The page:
THE SELLA Ness accommodation camp is on course to close next year after councillors rejected an application to extend its temporary planning permission until 2026.
Members of Shetland Islands Council’s planning committee agreed on Monday that forecasted demand at the 426-bedroom facility was “speculative”, while they reiterated that it was contrary to the islands’ Local Development Plan.
The facility’s owners, Malthus Uniteam, had applied for the building – which had 150 people staying in it on Monday – to remain open until 2026.
The council’s planning service recommended to members of the local authority’s planning committee to keep the camp – which is currently operated by Sodexo – open until 2022 to see if there was demand from proposed large construction projects like the Viking Energy wind farm.
But the six councillors on the planning committee expressed concern on Monday that potential demand was not set in stone.
Chairman Theo Smith said the “future need is speculative and to date unproven”.
“I know it’s not a material consideration, but two of the statutory consultees which are two local community councils in Delting and Northmavine, have objected,” Smith added.
“And I think if we are going to get planning to work properly, we have to listen to what wir communities say. It’s always been my view that we don’t sometimes pay a lot of attention to what our community says.”
Objections to the application had also been received from accommodation providers across Shetland and particularly in the North Mainland, where warnings were made that hotels and guest houses could be forced to close if the camp continued to stay open and offer beds for contract workers.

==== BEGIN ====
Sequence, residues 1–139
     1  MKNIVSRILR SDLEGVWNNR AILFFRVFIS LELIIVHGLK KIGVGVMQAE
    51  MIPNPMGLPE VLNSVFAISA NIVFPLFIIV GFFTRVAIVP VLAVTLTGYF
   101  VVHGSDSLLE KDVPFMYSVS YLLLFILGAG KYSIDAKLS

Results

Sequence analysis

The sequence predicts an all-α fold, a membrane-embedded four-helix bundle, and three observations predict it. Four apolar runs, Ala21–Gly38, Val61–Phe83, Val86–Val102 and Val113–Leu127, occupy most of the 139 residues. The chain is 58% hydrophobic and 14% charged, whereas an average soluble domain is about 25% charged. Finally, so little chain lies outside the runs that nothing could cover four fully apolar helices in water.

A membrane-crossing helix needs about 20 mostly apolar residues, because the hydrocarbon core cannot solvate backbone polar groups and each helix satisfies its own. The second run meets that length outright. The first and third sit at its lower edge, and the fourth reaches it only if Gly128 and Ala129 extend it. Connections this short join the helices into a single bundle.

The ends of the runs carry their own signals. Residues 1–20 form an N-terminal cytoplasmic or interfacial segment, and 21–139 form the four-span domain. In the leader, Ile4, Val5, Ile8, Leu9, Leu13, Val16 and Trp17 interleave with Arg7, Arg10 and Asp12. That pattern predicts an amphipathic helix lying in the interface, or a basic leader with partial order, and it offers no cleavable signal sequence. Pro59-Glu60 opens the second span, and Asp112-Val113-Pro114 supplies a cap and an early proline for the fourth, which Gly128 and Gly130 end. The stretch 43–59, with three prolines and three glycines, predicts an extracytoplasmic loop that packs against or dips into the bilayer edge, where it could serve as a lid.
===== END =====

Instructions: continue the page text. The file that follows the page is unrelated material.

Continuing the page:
Councillors were advised by the planning service, though, that “impacts which could result in a loss of trade or increased competition are not a material planning consideration”.
The camp opened in 2011 at the Sella Ness Industrial Estate to serve workers building the nearby Shetland Gas Plant.
The camp’s owners pointed to possible renewable developments – as well as continuing oil and gas work – as reasons why demand for beds would be there in coming years.
Planners admitted in a report to councillors that the camp is contrary to the Shetland Local Development Plan as it occupies land with development potential for industrial use and “potentially sterilises areas around it”.
It is also contrary to two other policies of the plan due to its residential nature.
But officials said granting further temporary planning permission would not be “inconsistent with the approach that the council has taken before to support the delivery of major infrastructure and sustainable developments”.
The camp, built on land at the Sella Ness industrial estate owned by Shetland Islands Council, was first granted temporary planning permission in 2010 before it was later renewed for a further five years through to the end of November 2020.
Malthus Uniteam says proposed wind energy projects in Shetland – like the consented Viking Energy, Mossy Hill and Beaw Field developments, as well as the mooted Energy Isles farm in Yell – are expected to involve around 400 workers.
North mainland councillor Andrea Manson, who is involved with the St Magnus Bay Hotel in Hillswick and Brae’s Greystones guesthouse, had declared a conflict of interest and did not participate in the planning board meeting on Monday.
The meeting heard from the planning service’s development manager team leader John Holden, who said the extension application was “not a significant departure from policy”.
He said extending the permission through to 2022 would allow those involved to “keep options open” regarding potential large construction projects.
Shetland Central member Davie Sandison asked whether the camp could revert back to its initial set-up of double occupancy rooms – bringing a total capacity of over 800 – if granted the extension, with Holden confirming that could be the case.
The committee also heard from two objectors, Caroline McKenzie of Scalloway Hotel and Joe Rocks, who represented a group called Shetland North Accommodation Providers.
McKenzie said she objected to the application because “I’m worried about my business”, as well as the accommodation sector as a whole.
She believed a report included in the planning application on future demand was unclear.